Nikon D3200 For Dummies
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The built-in flash on your Nikon D3200, shown in its raised position on the left in the following figure, offers an easy, convenient way to add light to a scene. For even more lighting power, you can attach an external flash head to the camera via the hot shoe, shown on the right in the figure. (The hot shoe's contacts are covered by a little black insert when you receive the camera; leave the cover in place until you're ready to attach a flash.)

In P, S, A, and M modes, press the Flash button to raise the built-in flash (left); attach an exter
In P, S, A, and M modes, press the Flash button to raise the built-in flash (left); attach an external flash via the hot shoe (right).

The rest of this article covers of using the built-in flash.

How to enable flash on your Nikon D3200

Whether you have any control over the flash depends on your exposure mode, as follows:

  • Auto, Portrait, Child, Close-Up, and Night Portrait mode: The built-in flash pops up and fires automatically if the camera thinks the existing lighting is insufficient. However, you can disable the flash by changing the Flash mode, explained in the next section. What you can't do is force the flash to fire if the camera thinks the ambient light is sufficient to expose the image. That limitation can be problematic for outdoor daytime portraits and close-ups, which often can benefit from a little bit of extra light, even on a sunny day. Chapter 7 has some further advice on the subject.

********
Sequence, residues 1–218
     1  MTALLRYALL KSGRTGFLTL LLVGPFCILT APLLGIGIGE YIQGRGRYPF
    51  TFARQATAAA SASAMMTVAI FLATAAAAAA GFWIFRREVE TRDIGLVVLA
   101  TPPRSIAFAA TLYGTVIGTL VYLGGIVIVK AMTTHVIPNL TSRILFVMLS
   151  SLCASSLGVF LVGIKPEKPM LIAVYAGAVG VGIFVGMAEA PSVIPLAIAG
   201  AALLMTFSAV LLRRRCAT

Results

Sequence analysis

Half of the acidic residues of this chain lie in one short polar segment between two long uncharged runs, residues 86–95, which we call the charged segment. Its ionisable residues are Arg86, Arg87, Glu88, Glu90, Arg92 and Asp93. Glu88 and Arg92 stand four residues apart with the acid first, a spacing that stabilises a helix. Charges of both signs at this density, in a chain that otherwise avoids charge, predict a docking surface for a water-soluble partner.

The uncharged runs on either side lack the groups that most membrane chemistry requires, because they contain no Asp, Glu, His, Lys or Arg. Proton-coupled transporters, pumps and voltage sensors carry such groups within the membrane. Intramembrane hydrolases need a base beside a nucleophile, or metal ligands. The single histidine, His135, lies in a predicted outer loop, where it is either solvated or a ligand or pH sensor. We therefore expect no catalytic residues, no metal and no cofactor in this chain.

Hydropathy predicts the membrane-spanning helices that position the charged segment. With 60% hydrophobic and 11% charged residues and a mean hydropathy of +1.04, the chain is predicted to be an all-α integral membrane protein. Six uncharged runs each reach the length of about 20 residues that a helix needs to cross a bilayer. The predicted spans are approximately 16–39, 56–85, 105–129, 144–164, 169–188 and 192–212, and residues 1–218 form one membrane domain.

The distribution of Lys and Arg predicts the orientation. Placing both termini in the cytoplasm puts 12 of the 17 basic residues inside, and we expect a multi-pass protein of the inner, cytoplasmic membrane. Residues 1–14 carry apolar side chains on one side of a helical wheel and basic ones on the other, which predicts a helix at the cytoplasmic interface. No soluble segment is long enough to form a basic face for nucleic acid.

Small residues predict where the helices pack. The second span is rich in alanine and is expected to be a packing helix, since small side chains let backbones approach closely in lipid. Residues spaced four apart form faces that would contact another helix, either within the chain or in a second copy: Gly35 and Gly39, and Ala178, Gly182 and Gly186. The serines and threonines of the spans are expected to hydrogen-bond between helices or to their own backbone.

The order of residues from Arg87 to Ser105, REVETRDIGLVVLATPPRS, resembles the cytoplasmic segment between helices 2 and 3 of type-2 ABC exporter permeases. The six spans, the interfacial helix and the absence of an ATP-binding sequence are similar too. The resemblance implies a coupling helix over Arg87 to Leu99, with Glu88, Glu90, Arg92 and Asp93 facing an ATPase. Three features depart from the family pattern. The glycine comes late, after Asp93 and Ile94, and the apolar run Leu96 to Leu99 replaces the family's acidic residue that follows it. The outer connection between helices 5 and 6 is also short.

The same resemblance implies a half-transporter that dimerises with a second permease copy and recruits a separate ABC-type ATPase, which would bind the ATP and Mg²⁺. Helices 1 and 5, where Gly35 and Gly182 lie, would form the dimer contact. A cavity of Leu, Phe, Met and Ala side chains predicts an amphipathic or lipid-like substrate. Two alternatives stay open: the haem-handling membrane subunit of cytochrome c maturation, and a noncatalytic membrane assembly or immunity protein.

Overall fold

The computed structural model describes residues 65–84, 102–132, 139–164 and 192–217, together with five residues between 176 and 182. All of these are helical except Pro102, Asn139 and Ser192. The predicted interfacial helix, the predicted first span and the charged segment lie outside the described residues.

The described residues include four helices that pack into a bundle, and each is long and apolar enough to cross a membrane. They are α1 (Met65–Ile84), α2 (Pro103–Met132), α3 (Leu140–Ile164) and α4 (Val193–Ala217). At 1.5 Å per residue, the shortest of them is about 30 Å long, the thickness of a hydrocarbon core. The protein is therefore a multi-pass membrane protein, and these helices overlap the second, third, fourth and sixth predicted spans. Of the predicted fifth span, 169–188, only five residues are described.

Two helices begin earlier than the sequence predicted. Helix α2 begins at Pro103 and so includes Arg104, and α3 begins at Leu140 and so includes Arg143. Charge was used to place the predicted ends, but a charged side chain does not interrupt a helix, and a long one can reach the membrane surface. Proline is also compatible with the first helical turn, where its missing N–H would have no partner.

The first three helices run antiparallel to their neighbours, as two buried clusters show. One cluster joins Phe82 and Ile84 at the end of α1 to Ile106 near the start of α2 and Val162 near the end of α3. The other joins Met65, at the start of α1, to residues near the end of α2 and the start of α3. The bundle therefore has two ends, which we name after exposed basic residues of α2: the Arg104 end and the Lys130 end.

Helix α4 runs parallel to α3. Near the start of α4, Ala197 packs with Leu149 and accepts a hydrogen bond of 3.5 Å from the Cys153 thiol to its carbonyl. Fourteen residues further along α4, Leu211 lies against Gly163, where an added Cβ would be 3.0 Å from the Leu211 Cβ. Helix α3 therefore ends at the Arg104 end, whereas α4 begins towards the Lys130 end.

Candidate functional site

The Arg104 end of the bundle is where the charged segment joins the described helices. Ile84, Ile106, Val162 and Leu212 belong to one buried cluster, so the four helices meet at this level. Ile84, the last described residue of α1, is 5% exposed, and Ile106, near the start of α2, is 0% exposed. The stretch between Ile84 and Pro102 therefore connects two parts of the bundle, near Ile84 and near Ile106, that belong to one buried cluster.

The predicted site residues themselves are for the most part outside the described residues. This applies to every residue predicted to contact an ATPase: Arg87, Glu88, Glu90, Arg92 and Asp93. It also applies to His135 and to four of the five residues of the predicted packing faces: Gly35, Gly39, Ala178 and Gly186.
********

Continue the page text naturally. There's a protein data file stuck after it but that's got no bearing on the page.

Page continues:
• Landscape, Sports, and Auto Flash Off: Flash is disabled. That setup makes sense for Auto Flash Off mode, of course. But why no flash in Sports and Landscape mode, you ask? Well, Sports mode is designed to capture moving subjects, and the flash makes that more difficult because it needs time to recycle between shots. On top of that, the maximum shutter speed possible with the built-in flash is 1/200 second, which often isn't fast enough to ensure a blur-free subject. Finally, action photos often aren't taken at a range close enough for the flash to reach the subject, which is also why flash is disabled for Landscape mode.

  • Guide mode: In Guide mode, available flash controls depend on the path you take through the guided menus. For example, if you select the Easy Operations menu item and then select Close-ups as the type of photo you want to take, you can choose from three Flash modes: Auto, Auto with Red-Eye Reduction, and Off. To get to the flash options, select the More Settings menu item after you select the picture type. Chapter 3 provides additional details about Guide mode photography.

  • P, S, A, and M: You have complete control over the flash. To raise the flash, press the Flash button, labeled in Figure 2-7. The flash will fire on your next shot regardless of the ambient light. To disable flash, just close the flash unit by pressing it down gently.

If you use flash, check out the next section to find out how to set the Flash mode.

When you're not using flash, by the way, keep the flash unit closed. Keeping the flash recycled and ready to fire consumes power, so you can preserve battery life by doing so.

How to set the Flash mode on your Nikon D3200

For exposure modes that allow flash, you can adjust the flash behavior via the Flash mode setting. The following table offers a quick-reference guide to the six basic modes. In addition to these basic modes, the camera also offers some combo modes, such as Auto with Red-Eye Reduction, Slow-Sync with Red-Eye Reduction, and the like.